2016 Award Recipients

It is with great enthusiasm that we present the 2016 HUPO Award Winners!  Please join us in congratulating these outstanding scientists on their accomplishments and contributions to the field of proteomics. The awards will be presented at HUPO 2016 in Taipei and the winners will present a talk during the congress award session.

Distinguished Achievement in Proteomic Sciences Award

(Sponsored by the Journal of Proteome Research)

Ralph Bradshaw

College of Medicine, University of California, USA

Professor Ralph Bradshaw is awarded the HUPO Distinguished Achievement in Proteomic Sciences Award for his true dedication to promoting protein and proteomics science. He has been one of the strongest proponents of HUPO and protein science throughout his distinguished career. He has worked tirelessly with the US Government to support HUPO from the very beginning and has supported both HUPO and US-HUPO continuously through the years. Through his efforts as Associate Editor of the Journal of Biological Chemistry and Co-Editor of Molecular and Cellular Proteomics, he has guided protein and proteomics research to be published with the highest degree of confidence and has set standards to ensure results are properly analyzed and reported. His distinguished career in protein science has helped many within HUPO to achieve their best and he has been a mentor to so many scientists within proteomics.

Discovery in Proteomic Sciences Award

Michael MacCoss

School of Medicine, University of Washington, USA

Professor Michael MacCoss is awarded the HUPO Discovery in Proteomic Sciences Award for his developments in methodology and software for the quantitative analysis of complex protein mixtures. Prof. MacCoss and his research team have developed the software program Skyline, an application with a remarkable impact within the proteomics community, which has placed him as a leader in the field of quantitative proteomics. The focus of his lab is the development of high-throughput quantitative proteomic methods and their application to model organisms. During his post-doc he developed RelEx, one of the first tools to quantify proteins from stable isotope labeling experiments. His lab at the University of Washington has developed several widely used tools for quantitative proteomic analysis including Skyline, a free software package for the design and interpretation of targeted proteomics experiments.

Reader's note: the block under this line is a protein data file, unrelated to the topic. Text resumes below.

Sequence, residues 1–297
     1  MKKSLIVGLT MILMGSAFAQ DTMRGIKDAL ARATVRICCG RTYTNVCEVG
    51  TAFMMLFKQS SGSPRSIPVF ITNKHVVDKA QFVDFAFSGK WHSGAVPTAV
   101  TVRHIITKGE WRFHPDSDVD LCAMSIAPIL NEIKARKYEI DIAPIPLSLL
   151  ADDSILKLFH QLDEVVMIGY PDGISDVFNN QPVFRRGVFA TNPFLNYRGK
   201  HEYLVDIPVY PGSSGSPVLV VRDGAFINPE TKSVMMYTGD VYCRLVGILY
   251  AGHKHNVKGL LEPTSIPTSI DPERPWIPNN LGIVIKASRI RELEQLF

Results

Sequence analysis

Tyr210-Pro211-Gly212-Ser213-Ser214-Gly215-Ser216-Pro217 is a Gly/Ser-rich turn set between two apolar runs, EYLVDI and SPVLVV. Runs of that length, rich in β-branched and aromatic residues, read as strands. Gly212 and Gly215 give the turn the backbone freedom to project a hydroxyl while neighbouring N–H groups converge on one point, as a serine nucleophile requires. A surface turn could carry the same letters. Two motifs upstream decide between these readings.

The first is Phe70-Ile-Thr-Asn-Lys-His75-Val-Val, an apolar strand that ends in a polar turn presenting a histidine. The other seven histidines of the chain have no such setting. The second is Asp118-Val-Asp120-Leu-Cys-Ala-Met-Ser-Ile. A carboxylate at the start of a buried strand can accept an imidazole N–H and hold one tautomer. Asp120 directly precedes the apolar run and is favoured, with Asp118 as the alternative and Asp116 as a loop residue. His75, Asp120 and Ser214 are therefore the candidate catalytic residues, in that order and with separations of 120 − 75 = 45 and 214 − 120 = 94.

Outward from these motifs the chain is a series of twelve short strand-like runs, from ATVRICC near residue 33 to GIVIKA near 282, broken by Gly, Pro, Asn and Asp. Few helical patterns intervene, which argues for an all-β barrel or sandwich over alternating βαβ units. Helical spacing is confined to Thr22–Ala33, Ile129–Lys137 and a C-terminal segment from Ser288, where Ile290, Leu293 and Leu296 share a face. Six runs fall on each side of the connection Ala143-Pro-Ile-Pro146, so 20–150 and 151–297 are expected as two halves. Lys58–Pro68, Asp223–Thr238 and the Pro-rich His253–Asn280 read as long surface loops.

Translational Proteomics Award

(Sponsored by Elsevier)

Joshua LaBaer

Biodesign Institute, Arizona State University, USA

Professor Joshua LaBaer is awarded the HUPO Translational Proteomics Award for his significant contribution to biomarker discovery and the use of clinical proteomics in personalized medicine. His group has developed novel protein microarray technologies, including the Nucleic Acid Programmable Protein Array (NAPPA) platform, which has been used extensively in biomedical research and biomarker discovery (e.g. breast cancer and diabetes).

Science and Technology Award 

(Sponsored by the HUPO Industrial Advisory Board)

Bob Bateman and John Hoyes

Waters Corporation, Wilmslow, UK

The IAB felt the nomination of Bob Bateman and John Hoyes of Waters for the development of the Q-TOF mass spectrometer was outshining any other nomination for this year’s HUPO Science and Technology Award. The history of the Q-TOF goes back to the mid 1990s, and Bateman and Hoyes played a key role in their development. The availability of a Q-TOF tandem MS instrument had tremendous influence on the development of proteomics in its early days, since this type of mass spectrometer coupled with a nanoLC provided unprecedented performance in analyzing a proteome. The Q-TOF design was subsequently adopted by other mass spectrometry companies and today a large variety of QTOF instruments exists.

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